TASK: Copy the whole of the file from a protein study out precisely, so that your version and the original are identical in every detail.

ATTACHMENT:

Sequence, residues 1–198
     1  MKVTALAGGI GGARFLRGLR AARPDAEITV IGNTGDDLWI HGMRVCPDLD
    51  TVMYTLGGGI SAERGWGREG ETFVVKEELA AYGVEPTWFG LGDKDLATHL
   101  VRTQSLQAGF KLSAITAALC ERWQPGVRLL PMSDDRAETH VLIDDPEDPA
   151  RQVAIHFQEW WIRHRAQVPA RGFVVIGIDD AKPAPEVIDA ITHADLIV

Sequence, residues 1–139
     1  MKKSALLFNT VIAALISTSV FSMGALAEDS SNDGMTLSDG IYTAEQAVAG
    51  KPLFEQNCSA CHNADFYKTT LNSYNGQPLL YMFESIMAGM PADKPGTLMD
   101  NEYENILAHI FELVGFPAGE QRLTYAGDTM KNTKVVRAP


Sequence, residues 1–198
     1  MKVTALAGGI GGARFLRGLR AARPDAEITV IGNTGDDLWI HGMRVCPDLD
    51  TVMYTLGGGI SAERGWGREG ETFVVKEELA AYGVEPTWFG LGDKDLATHL
   101  VRTQSLQAGF KLSAITAALC ERWQPGVRLL PMSDDRAETH VLIDDPEDPA
   151  RQVAIHFQEW WIRHRAQVPA RGFVVIGIDD AKPAPEVIDA ITHADLIV

Sequence, residues 1–139
     1  MKKSALLFNT VIAALISTSV FSMGALAEDS SNDGMTLSDG IYTAEQAVAG
    51  KPLFEQNCSA CHNADFYKTT LNSYNGQPLL YMFESIMAGM PADKPGTLMD
   101  NEYENILAHI FELVGFPAGE QRLTYAGDTM KNTKVVRAP